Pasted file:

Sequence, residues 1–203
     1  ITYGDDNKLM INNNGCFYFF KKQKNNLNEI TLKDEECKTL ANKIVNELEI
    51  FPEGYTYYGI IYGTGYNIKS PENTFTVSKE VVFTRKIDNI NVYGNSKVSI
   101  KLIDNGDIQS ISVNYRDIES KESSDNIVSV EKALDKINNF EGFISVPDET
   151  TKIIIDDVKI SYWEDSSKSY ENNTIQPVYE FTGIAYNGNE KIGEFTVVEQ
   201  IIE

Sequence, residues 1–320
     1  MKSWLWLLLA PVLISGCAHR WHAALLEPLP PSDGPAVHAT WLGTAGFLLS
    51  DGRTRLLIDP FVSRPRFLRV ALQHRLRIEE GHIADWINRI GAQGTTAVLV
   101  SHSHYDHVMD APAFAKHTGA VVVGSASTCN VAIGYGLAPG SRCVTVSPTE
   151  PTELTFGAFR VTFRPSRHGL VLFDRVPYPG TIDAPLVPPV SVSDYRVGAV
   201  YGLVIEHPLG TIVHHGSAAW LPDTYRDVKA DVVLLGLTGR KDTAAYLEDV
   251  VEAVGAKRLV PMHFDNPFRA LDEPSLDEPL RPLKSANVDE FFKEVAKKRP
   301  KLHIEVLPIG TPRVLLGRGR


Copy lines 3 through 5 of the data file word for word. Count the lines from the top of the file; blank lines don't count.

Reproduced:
    51  FPEGYTYYGI IYGTGYNIKS PENTFTVSKE VVFTRKIDNI NVYGNSKVSI
   101  KLIDNGDIQS ISVNYRDIES KESSDNIVSV EKALDKINNF EGFISVPDET
   151  TKIIIDDVKI SYWEDSSKSY ENNTIQPVYE FTGIAYNGNE KIGEFTVVEQ